By Bryce J. Renninger | Indiewire June 17, 2010 at 2:51AM
indieWIRE's production column takes a look at a film from "Maria Full of Grace" filmmaker Joshua Marston as well as a hearty batch of IndieGoGo projects. Included in that mix are: a pixelated story of a washed-up rock group, a chronicle of a closed club, the story of one of the Argentinian "disappeared," and ice cream makers who intend to break the world record for flavors any way they can...
EDITORS NOTE: “In the Works” is a weekly column taking a look at upcoming films, in addition to projects in production. It spotlights films in development, as well completed films that are taking creative paths towards distribution and occasionally ventures away from films to look at other types of projects, such as interesting new film distribution, funding, or exhibition mechanisms.
Joshua Marston's untitled Albania project
Director: Joshua Marston
Producer: Paul Mezey
Screenplay: Joshua Marston and Andamion Murataj
Executive Producers: Janine Gold, Eric Abraham, Domenico Procacci, Hunter Gray and Tyler Brodie
Co-producer: Andamion Murataj
Filmmaker Joshua Marston made a big splash in 2004 with his feature debut "Maria Full of Grace," giving the director a multitude of festival prizes and culminating in an Oscar nomination for its star, Catalina Sandino Moreno for best actress. Since then, the filmmaker has directed a host of shows for TV in addition to his segment in last year's "New York, I Love You." Now, the director is returning to a feature project of his own with a title still to be determined, though once again, the California-born director will be shooting in a foreign language.
"It is shot entirely in Albania. It's an Albanian story in Albanian," Marston told indieWIRE by phone from Los Angeles taking a break from editing. Marston explained that the film's story is told through the point-of-view of a 17 year-old boy whose life is turned upside down after his father and uncle are involved in a killing over a land dispute. An age-old custom, known as a blood feud, forces the boy into a virtual house arrest along with other males in the household. As a result, the boy's sister must take over her father's job and the family becomes increasingly dependent on her to manage their affairs. While his sister flourishes as a result of her new role, the boy becomes increasingly rebellious and frustrated about his circumstances.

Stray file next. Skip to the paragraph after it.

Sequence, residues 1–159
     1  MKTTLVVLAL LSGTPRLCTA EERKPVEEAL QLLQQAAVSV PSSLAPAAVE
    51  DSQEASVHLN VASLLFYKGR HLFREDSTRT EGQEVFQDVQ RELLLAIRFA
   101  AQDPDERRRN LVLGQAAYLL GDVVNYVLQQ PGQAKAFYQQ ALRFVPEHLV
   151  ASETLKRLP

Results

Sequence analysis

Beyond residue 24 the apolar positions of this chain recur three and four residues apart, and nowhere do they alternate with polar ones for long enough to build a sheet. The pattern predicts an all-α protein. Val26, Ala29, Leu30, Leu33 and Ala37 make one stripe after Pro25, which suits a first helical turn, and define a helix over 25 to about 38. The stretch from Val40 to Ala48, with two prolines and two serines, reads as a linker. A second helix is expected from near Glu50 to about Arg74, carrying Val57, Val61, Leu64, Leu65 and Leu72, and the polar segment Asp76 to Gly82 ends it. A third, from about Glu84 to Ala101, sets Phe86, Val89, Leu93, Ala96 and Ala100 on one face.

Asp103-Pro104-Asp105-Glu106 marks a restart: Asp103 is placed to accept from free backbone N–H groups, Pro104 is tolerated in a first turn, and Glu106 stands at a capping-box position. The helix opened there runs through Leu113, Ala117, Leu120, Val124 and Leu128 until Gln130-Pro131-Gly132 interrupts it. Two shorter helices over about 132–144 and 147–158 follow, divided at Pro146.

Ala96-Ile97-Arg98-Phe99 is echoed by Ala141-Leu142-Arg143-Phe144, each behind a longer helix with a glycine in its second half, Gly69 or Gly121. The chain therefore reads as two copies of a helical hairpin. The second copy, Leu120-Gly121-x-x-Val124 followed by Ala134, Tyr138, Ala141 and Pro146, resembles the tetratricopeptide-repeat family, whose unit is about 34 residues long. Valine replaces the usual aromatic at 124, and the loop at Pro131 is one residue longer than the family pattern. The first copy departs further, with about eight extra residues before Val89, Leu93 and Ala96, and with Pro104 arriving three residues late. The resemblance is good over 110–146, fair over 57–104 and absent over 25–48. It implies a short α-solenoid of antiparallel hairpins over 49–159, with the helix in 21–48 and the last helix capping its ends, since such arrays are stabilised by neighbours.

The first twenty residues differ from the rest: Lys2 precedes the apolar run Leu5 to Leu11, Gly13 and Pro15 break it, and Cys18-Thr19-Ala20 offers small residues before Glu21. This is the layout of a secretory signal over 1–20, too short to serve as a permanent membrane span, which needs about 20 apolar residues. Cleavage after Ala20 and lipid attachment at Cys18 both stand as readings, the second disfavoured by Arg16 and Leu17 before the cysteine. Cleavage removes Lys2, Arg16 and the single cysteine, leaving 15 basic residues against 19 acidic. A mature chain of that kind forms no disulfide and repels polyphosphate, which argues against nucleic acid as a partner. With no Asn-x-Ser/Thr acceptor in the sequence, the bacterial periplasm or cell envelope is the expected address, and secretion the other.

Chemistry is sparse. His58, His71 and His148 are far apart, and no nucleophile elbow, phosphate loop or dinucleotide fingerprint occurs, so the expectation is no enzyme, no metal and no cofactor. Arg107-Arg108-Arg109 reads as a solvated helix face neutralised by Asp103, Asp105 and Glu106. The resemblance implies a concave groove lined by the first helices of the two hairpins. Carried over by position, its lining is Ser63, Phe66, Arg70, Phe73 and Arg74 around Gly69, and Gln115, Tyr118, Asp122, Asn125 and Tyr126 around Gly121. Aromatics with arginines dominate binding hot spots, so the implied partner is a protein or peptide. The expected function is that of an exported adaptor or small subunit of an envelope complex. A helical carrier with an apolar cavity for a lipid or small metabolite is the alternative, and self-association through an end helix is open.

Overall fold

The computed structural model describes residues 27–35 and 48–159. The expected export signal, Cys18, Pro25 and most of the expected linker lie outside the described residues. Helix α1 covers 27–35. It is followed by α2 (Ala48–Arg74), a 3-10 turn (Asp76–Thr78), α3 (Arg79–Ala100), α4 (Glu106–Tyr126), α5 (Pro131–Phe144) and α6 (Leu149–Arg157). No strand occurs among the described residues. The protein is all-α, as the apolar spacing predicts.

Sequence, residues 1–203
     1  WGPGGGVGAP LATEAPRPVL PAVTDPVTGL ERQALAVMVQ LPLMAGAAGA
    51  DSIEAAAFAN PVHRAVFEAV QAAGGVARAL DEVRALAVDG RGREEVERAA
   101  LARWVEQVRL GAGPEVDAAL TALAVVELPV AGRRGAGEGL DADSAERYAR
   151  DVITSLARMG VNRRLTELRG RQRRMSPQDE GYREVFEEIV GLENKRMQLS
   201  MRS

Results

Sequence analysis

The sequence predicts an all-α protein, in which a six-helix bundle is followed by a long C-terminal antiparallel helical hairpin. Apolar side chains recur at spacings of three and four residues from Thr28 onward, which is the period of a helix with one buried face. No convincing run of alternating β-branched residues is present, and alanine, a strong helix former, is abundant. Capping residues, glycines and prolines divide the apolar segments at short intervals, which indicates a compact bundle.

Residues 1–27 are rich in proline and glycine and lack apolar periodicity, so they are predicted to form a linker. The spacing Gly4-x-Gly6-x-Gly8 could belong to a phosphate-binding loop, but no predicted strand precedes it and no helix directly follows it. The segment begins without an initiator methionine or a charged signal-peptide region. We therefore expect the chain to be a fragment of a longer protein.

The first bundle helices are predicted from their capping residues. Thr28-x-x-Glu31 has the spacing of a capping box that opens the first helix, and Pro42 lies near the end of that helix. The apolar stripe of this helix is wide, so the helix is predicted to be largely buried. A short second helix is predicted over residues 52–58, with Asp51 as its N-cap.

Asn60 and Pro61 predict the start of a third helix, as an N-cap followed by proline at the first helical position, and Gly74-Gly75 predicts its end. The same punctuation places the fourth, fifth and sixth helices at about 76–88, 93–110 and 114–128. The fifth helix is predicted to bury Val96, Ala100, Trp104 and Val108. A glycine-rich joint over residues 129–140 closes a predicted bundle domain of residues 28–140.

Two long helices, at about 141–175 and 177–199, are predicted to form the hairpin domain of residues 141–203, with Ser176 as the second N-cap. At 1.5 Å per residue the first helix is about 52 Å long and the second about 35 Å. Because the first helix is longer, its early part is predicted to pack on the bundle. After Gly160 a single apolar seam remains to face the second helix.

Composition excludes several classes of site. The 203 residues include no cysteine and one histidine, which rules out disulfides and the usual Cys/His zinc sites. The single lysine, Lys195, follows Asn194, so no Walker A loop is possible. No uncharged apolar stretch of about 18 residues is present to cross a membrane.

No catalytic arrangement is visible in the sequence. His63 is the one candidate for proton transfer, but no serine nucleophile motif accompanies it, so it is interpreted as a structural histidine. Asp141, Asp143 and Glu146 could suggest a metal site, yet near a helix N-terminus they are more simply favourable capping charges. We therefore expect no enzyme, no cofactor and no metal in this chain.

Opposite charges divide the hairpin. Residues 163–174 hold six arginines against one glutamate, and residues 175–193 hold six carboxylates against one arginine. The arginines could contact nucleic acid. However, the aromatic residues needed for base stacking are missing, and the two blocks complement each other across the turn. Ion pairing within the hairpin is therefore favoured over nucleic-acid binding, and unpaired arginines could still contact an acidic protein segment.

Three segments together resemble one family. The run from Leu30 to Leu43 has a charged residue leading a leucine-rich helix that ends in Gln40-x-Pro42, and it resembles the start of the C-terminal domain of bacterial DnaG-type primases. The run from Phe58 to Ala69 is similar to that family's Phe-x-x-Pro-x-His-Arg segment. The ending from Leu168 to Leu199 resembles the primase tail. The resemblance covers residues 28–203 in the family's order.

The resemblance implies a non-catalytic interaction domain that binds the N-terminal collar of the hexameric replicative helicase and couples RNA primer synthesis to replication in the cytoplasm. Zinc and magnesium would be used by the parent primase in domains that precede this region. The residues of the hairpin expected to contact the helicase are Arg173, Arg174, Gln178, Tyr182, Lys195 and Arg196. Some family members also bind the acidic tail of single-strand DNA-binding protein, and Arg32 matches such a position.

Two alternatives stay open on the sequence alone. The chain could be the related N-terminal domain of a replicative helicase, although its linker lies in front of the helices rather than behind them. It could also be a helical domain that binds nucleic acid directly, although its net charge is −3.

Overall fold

"They're in self-imposed isolation," said Marston who read about blood feuds and spent a month in the poor Balkan nation to do research. "It's an Albanian phenomenon and there are today a few hundred families living under house arrest because of these feuds. They're eye for an eye and tit for tat retribution killings. If some uncle flies off the handle and just kills someone, then it's acceptable for not only the uncle to be killed, but any male member of the family. It's based on an archaic code, yet it still exists."
"I spent a lot of time there interviewing families living with these blood feuds and also with men who mediate the [conflicts]. There are also NGOs trying to deal with them. I wrote the script along with Albanian filmmaker Andamion Murataj, [weaving] the narrative together based on what we heard."
The film not only spotlights the blood feud, but also its clash with modernity. The 17 year-old boy, played by a local, is seen uploading photos on Facebook and texting, all the while being forced to stay in confinement under the anachronistic code.